Why Tcpreplay went GPL

I’ve been thinking about this for a while and honestly pretty made up my mind months ago, but I finally go enough determination to edit almost all the files in the trunk source tree and change the license from the 3 clause BSD to GPLv3.

There’s actually a number of reasons for the change and I wanted to share the ones that were most important to me. I don’t expect everyone to like the decision, but probably most won’t care since it doesn’t really impact them. But sometimes people get all bent out of shape when a project that has been around as long as Tcpreplay (10 years? Damn, where did the time go?) changes its license so I wanted to give my side of it. The change doesn’t mean I don’t like the BSD license anymore, just that I now feel the GPL is more appropriate for the Tcpreplay Suite.

First, for those of you not familiar with the GPL and BSD, what this means for 99% of users is everything stays the same. Tcpreplay is still distributed at no cost and the source code is available for you to read, edit and redistribute. You can use Tcpreplay at no cost for personal and commercial use. The only difference is that if you redistribute Tcpreplay, you need to make the source code of Tcpreplay and any code which links to it available to anyone who asks for it. If your code runs as a separate process then you don’t need to share that. There’s no legal requirement for you to proactively send me a copy of your changes, but I would very much appreciate that.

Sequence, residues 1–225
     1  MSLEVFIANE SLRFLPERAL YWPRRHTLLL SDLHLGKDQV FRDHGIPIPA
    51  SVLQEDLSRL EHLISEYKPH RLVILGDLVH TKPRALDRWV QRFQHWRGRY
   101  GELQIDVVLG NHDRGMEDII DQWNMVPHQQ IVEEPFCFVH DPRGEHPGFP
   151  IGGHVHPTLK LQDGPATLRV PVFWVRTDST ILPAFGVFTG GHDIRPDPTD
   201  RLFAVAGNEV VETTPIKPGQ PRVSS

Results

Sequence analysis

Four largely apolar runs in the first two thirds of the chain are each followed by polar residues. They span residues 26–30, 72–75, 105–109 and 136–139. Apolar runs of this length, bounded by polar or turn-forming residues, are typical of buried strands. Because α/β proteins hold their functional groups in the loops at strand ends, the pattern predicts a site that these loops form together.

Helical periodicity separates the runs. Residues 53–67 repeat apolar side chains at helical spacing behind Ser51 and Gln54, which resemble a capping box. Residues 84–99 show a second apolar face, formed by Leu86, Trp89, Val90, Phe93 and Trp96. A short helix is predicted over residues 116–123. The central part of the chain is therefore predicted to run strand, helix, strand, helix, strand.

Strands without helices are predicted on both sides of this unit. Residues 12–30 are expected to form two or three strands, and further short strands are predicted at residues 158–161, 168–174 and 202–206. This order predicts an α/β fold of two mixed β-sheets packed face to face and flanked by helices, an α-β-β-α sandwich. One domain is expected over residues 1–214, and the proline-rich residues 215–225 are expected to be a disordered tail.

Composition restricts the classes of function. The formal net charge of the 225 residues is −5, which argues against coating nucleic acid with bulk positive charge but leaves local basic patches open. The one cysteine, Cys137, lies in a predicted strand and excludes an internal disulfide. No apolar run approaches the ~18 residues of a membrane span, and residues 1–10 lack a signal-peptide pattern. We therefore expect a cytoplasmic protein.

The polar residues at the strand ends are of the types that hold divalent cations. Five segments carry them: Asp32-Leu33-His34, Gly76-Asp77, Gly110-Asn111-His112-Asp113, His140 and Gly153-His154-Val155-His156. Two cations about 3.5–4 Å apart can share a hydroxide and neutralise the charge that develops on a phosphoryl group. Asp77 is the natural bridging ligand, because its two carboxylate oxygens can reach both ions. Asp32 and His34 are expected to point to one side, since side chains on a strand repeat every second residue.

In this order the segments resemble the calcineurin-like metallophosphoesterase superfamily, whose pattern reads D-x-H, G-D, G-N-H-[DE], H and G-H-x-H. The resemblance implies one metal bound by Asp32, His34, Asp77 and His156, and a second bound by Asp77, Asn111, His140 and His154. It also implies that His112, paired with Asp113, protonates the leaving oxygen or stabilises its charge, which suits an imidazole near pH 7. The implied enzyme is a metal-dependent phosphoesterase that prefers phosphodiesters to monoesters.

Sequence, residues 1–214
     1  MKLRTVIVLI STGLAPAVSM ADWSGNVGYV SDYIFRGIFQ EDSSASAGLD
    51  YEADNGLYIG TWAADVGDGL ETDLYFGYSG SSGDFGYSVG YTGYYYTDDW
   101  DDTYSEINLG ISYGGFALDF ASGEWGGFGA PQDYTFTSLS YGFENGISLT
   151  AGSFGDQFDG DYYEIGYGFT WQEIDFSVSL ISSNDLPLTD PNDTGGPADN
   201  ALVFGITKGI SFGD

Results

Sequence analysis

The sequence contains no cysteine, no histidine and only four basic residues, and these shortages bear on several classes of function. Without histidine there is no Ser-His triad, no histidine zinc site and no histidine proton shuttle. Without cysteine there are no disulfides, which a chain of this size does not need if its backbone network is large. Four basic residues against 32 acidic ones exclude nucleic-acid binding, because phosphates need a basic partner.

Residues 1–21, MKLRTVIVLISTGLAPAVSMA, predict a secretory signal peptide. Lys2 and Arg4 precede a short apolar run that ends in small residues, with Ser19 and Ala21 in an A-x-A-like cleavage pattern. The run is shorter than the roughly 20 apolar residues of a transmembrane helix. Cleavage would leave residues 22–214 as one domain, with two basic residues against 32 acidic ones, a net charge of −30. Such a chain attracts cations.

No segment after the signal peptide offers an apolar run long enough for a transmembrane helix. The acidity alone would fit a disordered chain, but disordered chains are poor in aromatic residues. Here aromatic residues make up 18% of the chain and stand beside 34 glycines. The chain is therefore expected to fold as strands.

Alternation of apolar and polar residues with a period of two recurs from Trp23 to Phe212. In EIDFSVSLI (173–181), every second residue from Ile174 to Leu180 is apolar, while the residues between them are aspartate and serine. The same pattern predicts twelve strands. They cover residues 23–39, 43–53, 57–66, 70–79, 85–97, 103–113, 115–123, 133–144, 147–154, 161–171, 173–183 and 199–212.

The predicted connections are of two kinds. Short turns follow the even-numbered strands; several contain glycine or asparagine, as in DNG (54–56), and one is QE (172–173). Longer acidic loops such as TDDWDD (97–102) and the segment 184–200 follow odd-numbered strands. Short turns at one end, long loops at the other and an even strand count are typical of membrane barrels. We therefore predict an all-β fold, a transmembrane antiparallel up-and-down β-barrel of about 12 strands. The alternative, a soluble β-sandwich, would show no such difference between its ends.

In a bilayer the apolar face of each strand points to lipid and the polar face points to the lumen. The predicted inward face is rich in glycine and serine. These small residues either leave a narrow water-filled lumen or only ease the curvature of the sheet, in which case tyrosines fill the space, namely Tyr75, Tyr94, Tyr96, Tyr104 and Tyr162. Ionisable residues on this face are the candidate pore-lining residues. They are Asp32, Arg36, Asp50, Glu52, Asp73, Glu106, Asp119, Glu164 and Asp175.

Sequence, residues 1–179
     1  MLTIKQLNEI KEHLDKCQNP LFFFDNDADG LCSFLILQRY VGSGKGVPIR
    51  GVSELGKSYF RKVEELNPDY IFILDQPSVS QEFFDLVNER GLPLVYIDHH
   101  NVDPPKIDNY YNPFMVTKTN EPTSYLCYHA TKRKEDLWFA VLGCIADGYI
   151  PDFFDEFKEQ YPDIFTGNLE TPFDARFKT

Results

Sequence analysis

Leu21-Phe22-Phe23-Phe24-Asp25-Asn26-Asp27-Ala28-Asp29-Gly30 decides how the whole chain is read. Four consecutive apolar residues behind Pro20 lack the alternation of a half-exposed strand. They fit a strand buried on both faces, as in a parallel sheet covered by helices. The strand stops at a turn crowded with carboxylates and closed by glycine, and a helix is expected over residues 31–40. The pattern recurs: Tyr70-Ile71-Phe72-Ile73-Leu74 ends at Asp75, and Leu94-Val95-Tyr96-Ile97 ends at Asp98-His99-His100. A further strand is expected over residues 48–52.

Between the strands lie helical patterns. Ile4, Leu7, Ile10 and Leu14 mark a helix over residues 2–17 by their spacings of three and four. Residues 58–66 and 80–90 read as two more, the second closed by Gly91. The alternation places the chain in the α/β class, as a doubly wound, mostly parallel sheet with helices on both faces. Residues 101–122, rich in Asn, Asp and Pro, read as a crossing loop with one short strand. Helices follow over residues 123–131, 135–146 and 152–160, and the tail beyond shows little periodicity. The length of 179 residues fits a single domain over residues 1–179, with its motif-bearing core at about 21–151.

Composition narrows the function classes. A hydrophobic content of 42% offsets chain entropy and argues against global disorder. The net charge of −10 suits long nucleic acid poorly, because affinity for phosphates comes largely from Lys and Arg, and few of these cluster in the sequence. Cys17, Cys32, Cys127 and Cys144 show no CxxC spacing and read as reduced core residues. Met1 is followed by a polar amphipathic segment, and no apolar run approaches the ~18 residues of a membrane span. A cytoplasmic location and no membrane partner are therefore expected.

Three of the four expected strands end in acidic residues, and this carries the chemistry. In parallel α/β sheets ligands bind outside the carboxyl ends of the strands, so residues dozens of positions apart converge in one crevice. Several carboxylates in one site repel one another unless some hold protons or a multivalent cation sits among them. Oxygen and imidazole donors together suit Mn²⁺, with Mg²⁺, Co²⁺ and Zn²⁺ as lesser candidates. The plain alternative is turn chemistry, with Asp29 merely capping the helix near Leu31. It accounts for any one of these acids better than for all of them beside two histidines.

As for why, it comes down to the following reasons:

  1. Values. I still want to give Tcpreplay away for others to use and build upon, but it’s been frustrating to hear about people who have added features and then for one reason or another decide they don’t want to share those with the rest of the Tcpreplay users. This willingness to take, but not give back to the community sucks and I’d rather not allow people to continue to do that. I’ve got hundreds of hours of effort in Tcpreplay and I suppose I don’t think it’s “fair” for people to build upon it without sharing back. I’ve not only seen this with Tcpreplay, but other BSD projects- one of my previous employers added an enhancement to fragroute, distributed the new binaries to their customers, but never sent the patches back to the original author. I think my old company would of sent their changes back if the author knew about it/asked, but because there was no legal reason to do so, they never took the 5 minutes to do it.